Due regard shall be given to the fact that state laws, as well as the nation's antitrust laws, may allow Doctors of Chiropractic to utilize ancillary health care procedures commonly referred to as being in the common domain.
In other words, "some of our members have been known to practice methods outside of their area of expertise, or the curriculum of their chiropractic 'education'."
“We cross our bridges when we come to them and burn them behind us, with nothing to show for our progress except a memory of the smell of smoke, and a presumption that once our eyes watered.”

User avatar
Ranger Genius
Posts: 2408
Joined: Thu Mar 25, 2004 7:07 am
Location: Behind the Zion Curtain
Contact:

Post by Ranger Genius » Wed Feb 16, 2005 7:48 pm

Looks like the big boy in Chiro accreditation is the CCE: Council on Chiropractic Education. Their board of directors: (PDF File).

You guessed it. All Chiropractors. Many of them on the boards of the schools that they themselves accredited. You'll see one of those institutions use the term "straight chiropractic." What that means is "Fundamentalist Chiropractic." Those are the really scary and dangerous ones. And look, there's one right there on the board of directors! From Wikipedia's article on Straight Chiropractic:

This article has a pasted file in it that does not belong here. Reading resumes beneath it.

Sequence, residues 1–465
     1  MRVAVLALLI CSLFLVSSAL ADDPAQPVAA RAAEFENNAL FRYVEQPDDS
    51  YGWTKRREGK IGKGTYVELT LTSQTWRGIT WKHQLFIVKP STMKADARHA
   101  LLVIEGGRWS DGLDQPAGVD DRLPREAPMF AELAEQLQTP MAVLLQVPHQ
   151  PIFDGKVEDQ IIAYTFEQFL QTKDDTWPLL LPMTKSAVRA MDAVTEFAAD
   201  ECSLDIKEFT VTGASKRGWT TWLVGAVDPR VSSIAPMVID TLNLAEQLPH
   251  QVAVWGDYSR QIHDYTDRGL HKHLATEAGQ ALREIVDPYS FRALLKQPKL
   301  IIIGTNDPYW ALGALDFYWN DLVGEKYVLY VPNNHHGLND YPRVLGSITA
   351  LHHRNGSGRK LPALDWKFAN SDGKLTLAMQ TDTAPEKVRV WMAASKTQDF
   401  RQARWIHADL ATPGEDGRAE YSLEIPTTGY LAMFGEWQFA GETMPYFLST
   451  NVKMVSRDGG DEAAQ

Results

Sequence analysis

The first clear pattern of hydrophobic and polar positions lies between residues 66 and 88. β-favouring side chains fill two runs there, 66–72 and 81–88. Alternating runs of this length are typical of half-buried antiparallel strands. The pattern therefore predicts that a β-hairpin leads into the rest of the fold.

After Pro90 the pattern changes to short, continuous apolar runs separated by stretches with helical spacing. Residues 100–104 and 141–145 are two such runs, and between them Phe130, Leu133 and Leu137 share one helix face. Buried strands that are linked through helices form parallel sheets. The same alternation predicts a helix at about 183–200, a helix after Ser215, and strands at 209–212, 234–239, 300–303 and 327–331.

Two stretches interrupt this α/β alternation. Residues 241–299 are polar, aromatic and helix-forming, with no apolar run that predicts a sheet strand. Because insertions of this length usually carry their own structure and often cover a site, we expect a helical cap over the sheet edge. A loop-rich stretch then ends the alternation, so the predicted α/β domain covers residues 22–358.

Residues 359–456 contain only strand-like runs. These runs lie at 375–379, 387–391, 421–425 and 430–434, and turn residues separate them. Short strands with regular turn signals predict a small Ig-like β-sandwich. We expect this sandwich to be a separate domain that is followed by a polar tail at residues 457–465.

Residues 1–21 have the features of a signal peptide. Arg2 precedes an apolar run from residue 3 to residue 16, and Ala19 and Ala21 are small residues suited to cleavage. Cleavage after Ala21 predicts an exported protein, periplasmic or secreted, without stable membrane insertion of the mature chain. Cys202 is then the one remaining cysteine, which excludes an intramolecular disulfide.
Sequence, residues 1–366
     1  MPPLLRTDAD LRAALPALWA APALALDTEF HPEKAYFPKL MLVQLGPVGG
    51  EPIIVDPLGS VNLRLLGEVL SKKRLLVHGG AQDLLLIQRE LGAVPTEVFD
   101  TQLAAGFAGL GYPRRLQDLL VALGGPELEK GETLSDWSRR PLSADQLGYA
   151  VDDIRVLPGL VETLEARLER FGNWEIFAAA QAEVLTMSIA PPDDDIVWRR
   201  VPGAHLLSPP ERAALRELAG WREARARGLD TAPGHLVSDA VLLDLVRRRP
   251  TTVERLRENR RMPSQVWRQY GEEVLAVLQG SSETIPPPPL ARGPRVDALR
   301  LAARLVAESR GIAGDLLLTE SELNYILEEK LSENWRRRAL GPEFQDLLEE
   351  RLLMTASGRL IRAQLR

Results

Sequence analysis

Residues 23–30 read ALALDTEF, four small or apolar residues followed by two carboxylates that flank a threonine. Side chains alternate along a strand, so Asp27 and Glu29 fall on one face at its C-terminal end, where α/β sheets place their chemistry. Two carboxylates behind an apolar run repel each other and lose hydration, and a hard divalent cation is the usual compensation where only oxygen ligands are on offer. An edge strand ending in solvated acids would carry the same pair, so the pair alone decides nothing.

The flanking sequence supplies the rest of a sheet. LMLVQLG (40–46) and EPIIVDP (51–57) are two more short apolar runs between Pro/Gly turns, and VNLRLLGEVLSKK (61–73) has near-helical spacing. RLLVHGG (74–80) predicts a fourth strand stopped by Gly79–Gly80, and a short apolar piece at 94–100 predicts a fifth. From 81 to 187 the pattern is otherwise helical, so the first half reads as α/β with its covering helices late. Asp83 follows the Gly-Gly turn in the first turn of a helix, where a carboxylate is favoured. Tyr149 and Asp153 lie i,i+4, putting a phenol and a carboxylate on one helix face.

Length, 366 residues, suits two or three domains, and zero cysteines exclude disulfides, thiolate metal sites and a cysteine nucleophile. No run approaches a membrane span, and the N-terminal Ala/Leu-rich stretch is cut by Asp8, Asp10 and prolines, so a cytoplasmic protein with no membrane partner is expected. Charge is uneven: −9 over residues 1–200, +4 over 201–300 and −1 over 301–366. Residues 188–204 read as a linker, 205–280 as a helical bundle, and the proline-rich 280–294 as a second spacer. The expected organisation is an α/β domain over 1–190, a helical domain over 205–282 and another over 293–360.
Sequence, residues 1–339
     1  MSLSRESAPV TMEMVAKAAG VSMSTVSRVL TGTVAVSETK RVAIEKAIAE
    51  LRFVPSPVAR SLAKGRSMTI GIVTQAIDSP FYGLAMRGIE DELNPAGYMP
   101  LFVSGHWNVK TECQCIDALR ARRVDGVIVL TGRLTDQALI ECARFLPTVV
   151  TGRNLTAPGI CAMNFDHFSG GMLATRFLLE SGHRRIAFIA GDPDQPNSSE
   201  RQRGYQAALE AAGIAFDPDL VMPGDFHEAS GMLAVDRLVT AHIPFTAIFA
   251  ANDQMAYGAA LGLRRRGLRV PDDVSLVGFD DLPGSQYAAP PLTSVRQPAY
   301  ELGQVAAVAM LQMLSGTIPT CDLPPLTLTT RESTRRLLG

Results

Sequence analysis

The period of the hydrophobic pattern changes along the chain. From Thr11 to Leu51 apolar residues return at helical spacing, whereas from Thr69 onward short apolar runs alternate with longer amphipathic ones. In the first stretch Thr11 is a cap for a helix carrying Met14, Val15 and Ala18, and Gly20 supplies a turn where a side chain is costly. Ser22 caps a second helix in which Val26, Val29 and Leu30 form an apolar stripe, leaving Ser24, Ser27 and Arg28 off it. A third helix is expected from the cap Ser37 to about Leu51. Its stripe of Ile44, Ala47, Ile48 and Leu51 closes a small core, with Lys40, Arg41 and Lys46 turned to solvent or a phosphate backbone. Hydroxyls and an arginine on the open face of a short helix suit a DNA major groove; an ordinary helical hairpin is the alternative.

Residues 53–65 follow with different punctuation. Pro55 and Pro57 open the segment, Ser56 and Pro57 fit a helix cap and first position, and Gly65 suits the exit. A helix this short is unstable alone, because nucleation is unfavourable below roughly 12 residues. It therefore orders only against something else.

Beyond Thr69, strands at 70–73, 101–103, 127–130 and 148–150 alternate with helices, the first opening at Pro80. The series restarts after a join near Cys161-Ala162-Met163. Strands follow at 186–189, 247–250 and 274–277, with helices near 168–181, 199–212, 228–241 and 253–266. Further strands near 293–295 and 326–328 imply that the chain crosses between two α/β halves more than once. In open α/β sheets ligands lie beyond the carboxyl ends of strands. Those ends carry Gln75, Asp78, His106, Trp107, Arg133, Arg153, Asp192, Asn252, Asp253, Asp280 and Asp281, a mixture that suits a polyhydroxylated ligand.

In 1895, Palmer claimed to have restored the hearing of a nearly deaf janitor by manipulating his spine. Palmer believed that he had discovered the primary cause of disease and theorized that 95 percent of all disease was caused by spinal subluxation and the others by luxated bones elsewhere in the body. Accordingly to a survey of Canadian chiropractors conducted by the University of Saskatewan, about one third of chiropracters still believe in Palmer's philosophy. [1] (http://www.canoe.ca/ChiroYork/chiro_philosophy.html)